Splunk® Cloud Services

SPL2 Search Reference

Acrobat logo Download manual as PDF

Acrobat logo Download topic as PDF

Overview of SPL2 eval functions

Use evaluation functions to evaluate an expression, based on your events, and return a result.

Quick reference

See the Quick Reference for SPL2 eval functions for a list of the supported evaluation functions, along with a brief description and the syntax for each function.

Commands that use eval functions

You can use evaluation functions with the following commands:

  • In the WHERE and SELECT clauses of the from command
  • With the eval and where commands
  • As part of evaluation expressions with other commands.

Evaluation expressions are case-sensitive.

Using functions

  • All functions that accept strings can accept either a literal string or any field. 
  • All functions that accept numbers can accept either literal numbers or any numeric field.

Specifying literal strings

For most evaluation functions, when a string argument is expected you can specify either an literal string or a field. The literal string must be enclosed in double quotation marks. For example, you have a field called name which contains the names of your servers. You want to append the literal string server at the end of the name. You would specify this: name + "server".​

Nested functions

You can specify a function as an argument to another function.

In the following example, the cidrmatch function is used as the first argument in the if function.

... | eval isLocal=if(cidrmatch("",ip), "local", "not local")

The following example uses the in function as the first parameter for the if function.

... | eval error=if(in(status, "error", "failure", "severe"), "true", "false")

Supported operators

The following tables list the basic mathematical operations that you can use with the evaluation functions. For these operations to work, the values need to be valid for the type of operation. For example, with the exception of addition, arithmetic operations might not produce valid results if the values are not numerical. When concatenating values, Splunk software reads the values as strings, regardless of the value.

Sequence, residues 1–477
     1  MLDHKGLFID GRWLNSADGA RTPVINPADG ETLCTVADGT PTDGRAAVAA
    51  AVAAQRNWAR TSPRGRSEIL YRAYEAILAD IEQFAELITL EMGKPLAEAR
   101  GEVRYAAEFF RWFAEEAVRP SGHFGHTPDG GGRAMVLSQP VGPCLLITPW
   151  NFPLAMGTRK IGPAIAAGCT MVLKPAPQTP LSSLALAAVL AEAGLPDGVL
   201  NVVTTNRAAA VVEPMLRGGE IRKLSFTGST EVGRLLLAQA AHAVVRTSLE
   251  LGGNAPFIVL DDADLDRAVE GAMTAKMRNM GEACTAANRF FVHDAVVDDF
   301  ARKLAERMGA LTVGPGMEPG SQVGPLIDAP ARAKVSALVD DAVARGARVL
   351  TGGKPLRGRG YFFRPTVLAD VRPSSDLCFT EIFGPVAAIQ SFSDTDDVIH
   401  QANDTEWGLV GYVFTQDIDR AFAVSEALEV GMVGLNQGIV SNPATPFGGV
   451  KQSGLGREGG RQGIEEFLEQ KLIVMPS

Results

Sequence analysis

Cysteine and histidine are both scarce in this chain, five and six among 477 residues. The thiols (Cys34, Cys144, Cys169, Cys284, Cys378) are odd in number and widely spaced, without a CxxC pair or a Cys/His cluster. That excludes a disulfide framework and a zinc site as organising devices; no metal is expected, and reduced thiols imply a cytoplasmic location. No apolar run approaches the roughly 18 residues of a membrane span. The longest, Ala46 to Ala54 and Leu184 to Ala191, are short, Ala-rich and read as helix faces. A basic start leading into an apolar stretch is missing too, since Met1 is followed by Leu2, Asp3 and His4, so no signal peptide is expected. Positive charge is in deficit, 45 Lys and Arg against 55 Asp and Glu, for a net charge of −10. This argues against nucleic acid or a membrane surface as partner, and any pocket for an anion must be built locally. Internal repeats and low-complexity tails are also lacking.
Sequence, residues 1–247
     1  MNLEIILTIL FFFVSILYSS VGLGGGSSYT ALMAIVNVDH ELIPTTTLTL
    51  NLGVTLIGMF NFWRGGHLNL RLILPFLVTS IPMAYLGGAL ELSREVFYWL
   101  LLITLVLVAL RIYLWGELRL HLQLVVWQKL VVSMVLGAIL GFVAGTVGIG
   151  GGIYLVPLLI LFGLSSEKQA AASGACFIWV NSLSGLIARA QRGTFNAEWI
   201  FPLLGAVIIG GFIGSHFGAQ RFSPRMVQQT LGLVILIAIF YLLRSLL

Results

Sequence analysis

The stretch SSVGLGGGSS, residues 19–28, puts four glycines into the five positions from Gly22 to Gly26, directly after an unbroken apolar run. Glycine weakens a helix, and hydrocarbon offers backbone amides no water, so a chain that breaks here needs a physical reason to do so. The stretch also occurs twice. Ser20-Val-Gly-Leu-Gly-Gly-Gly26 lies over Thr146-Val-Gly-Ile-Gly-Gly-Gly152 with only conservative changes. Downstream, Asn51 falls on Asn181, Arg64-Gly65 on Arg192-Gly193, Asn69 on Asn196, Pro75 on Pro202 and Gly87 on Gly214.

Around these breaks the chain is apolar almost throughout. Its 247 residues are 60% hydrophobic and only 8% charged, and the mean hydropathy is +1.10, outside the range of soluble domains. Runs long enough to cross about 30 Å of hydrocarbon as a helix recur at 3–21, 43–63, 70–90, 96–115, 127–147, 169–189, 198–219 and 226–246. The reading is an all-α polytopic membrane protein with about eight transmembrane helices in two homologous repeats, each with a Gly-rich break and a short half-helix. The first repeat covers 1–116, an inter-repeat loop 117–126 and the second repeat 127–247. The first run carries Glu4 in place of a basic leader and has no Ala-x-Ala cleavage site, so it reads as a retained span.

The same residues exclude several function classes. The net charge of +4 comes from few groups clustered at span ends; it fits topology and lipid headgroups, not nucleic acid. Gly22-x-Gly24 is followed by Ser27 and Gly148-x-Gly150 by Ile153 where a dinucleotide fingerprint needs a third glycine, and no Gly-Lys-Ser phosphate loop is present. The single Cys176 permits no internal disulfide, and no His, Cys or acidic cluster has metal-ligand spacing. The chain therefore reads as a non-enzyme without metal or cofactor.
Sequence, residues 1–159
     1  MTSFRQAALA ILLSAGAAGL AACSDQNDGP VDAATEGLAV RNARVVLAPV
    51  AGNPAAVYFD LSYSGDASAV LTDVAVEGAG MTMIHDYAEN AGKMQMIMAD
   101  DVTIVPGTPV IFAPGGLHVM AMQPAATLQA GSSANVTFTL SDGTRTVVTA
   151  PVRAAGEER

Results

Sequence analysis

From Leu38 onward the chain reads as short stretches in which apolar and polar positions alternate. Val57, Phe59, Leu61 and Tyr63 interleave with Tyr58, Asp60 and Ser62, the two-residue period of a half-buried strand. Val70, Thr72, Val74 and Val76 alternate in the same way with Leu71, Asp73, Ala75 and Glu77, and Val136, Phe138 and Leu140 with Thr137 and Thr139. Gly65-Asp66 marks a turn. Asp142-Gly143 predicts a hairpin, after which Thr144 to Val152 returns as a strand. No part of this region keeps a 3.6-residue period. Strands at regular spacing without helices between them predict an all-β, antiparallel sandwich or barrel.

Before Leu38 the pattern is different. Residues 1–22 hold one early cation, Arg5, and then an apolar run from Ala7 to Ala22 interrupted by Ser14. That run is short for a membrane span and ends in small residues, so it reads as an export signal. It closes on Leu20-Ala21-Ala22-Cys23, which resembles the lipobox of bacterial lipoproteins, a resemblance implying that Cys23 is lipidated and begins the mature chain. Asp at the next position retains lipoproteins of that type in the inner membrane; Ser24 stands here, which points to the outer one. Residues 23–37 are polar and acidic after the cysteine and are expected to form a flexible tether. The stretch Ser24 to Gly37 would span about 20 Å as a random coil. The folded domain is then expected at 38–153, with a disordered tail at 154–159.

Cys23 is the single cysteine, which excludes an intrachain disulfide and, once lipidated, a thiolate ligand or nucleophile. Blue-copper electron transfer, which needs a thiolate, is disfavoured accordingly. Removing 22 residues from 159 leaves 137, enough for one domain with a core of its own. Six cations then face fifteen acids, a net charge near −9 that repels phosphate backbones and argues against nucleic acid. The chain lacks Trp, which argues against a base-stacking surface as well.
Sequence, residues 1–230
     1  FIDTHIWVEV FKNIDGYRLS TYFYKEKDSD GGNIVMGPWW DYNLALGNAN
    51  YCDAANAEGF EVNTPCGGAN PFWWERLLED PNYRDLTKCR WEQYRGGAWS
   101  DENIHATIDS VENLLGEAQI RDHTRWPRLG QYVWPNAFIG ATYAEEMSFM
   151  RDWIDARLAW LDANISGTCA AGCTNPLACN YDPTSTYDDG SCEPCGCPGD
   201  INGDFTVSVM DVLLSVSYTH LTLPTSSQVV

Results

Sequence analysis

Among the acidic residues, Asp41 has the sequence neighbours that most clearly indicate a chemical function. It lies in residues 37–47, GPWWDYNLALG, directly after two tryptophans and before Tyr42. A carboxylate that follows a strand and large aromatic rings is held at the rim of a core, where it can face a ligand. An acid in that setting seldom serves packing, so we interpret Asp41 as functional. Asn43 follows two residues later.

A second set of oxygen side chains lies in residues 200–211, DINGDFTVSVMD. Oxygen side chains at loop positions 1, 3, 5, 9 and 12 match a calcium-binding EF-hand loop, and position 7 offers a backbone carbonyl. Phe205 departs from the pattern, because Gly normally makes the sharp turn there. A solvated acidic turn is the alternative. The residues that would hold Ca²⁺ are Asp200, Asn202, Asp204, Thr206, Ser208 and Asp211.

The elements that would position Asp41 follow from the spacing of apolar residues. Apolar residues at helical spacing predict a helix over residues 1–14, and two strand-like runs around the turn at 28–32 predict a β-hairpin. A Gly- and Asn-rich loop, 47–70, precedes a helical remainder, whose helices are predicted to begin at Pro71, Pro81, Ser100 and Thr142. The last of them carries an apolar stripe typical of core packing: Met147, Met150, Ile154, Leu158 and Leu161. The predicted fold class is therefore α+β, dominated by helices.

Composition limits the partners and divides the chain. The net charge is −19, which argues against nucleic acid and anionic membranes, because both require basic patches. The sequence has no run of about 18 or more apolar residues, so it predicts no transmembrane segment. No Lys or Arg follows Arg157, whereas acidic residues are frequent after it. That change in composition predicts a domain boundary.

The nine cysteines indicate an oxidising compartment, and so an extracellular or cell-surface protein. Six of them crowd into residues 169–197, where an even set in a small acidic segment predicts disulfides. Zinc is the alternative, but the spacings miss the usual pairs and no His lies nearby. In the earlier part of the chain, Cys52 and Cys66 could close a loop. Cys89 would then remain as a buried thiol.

Arithmetic operators

Each of the following operators accepts two numbers and produces a number. These operators can be used either with fields that contain numeric values or with literal numeric values.

Operators Action Examples
+ Addition

... | stats min(price+10)

- Subtraction

... | eval final=end-start

* Multiplication

...| eval diameter=circumference*3.14

/ Division

... | stats avg(bytes/1024)

% Modulo

... | stats avg(bytes) % 1024

SELECT filter(numbers, $num -> ($num % 2) == 0 AS even_numbers FROM main

... | eval n=(random() % 100000) + 1

See random function

Concatenation operator

Operator Action Description
+ Concatenation Accepts both strings and numbers. Numbers are concatenated as strings. Produces a string.

Boolean operators

Operators Action Description
AND Logical AND operator Accepts two Boolean values and produces a Boolean.
OR Logical OR operator Accepts two Boolean values and produces a Boolean.
NOT Logical NOT operator Accepts one Boolean value and produces the inverse of the value.
XOR Exclusive OR operator Accepts two Boolean values and produces a Boolean.
< Less than Accepts two numbers and produces a Boolean.
> Greater than Accepts two numbers and produces a Boolean.
<= Less than or equal to Accepts two numbers or two strings and produces a Boolean.
>= Greater than or equal to Accepts two numbers and produces a Boolean.
!= Not equal to Accepts two numbers or two strings and produces a Boolean.
= or == Equal to In expressions, the = and == operators are synonymous. These operators compare the value of right side and left side of the expression. Returns 1 (true) if the sides are equal. Returns 0 (false) if the sides are not equal.
LIKE Text pattern matching operator Accepts two strings. For example string LIKE pattern. The pattern operator supports literal text, a percent ( % ) character for a wildcard, and an underscore ( _ ) character for a single character match.

For example, field LIKE "a%b_" matches any string starting with a, followed by anything, followed by b, followed by one character.

See also

eval command overview
where command overview
Overview of SPL2 statistical and charting functions
Overview of SPL2 dataset_functions
Custom eval functions
Naming function arguments in the SPL2 Search Manual
Last modified on 29 July, 2023
Using SPL command functions
Quick Reference for SPL2 eval functions

This documentation applies to the following versions of Splunk® Cloud Services: current

Was this documentation topic helpful?

You must be logged into splunk.com in order to post comments. Log in now.

Please try to keep this discussion focused on the content covered in this documentation topic. If you have a more general question about Splunk functionality or are experiencing a difficulty with Splunk, consider posting a question to Splunkbase Answers.

0 out of 1000 Characters